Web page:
Eskom’s relationships and transactions with private companies have a long and often problematic history, most recently excavated through state capture investigations in parliament and at the Zondo commission.

As an enormous, single, wholly state-owned utility, Eskom’s procurement of goods and services from the private sector and foreign government state-owned companies has failed to consistently meet the requirements of the Public Finance Management Act and the constitution.

While we might have hoped in 1994 that state ownership of a single large public utility would allow for more efficient alignment between the electricity sector and SA’s national development objectives, this has not been the case. Since 2012, Eskom has acknowledged irregular expenditure in excess of R19bn.

Return money

Just two days before Sona, the infamous Trillian Capital was ordered to pay back the almost R600m it took in unlawful payments from Eskom. Its partner in crime, McKinsey, had already made its own arrangements to pay back the R1bn it accepted in suspect payments.

Eskom chair Jabu Mabuza and Ramaphosa have since made pleas for other private companies that have benefited from endemic corruption at Eskom to return their ill-gotten money. The chances of that happening are slim indeed. These are just two companies implicated in state capture; many others have acted with impunity under the protection of Eskom’s monopolistic power.

Structural reform, unbundling, or ring-fencing the national state-owned grid will change the way Eskom interacts with private companies. In the context of Eskom’s limited capacity to raise capital for a just and sustainable transition away from coal dependency, it is likely a state-owned grid company will contract more IPPs, for example. This is significant and should be robustly debated and designed.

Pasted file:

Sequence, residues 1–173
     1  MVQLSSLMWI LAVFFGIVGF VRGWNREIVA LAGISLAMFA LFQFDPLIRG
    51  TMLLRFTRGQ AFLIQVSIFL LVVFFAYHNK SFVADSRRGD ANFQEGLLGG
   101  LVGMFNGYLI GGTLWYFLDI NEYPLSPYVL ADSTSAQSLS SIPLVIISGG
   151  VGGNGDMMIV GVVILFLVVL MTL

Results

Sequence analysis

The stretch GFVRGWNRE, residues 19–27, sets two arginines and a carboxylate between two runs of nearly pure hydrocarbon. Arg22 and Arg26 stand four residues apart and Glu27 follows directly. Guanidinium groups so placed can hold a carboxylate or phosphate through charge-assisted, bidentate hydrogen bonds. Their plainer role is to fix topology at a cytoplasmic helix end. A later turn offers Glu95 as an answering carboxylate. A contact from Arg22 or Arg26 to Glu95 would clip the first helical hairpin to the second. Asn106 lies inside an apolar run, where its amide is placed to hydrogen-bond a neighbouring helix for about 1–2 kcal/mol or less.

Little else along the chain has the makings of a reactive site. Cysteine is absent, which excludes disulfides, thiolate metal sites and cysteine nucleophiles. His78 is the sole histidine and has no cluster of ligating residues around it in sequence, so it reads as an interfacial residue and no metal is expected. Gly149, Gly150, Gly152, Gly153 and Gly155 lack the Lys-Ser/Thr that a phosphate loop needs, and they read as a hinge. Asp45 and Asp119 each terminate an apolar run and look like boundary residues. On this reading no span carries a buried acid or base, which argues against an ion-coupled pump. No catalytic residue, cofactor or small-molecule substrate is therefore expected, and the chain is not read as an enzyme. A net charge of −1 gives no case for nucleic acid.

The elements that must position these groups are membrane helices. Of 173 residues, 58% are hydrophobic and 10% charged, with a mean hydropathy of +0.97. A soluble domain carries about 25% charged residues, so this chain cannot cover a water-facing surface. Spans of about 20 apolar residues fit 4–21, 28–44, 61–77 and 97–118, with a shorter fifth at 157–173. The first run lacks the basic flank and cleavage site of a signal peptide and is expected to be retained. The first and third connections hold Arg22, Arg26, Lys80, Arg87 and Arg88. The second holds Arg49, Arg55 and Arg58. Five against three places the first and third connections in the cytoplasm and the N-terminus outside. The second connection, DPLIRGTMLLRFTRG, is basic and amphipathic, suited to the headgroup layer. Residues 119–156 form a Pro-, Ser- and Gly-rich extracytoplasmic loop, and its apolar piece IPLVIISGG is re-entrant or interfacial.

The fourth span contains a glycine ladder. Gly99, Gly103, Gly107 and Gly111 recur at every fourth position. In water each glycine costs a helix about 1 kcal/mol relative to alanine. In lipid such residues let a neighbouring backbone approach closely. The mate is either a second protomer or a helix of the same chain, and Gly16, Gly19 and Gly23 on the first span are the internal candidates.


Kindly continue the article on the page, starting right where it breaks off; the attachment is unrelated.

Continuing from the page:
While the kind of private sector actors and nature of engagements might be changing with the introduction of new technologies and policies, the fundamental necessity of private companies within the electricity system is a fact, whether Eskom is one or three companies. This has been ignored by many people using the threat of privatisation to lobby against structural reform and IPPs, both of which are on the president’s agenda for Eskom.

The way private companies act and transact in the electricity sector should be urgently addressed. The president’s reformist agenda provides an important opportunity to do this, as long as the country remains alert to the real state of play instead of becoming distracted by false oppositions made in political contests.

Now is a critical moment to proactively shape the way businesses behave, helping to move SA towards a just and sustainable energy future.

• Hermanus is with Power Futures SA, based at the University of Cape Town Graduate School of Business. She writes in her personal capacity.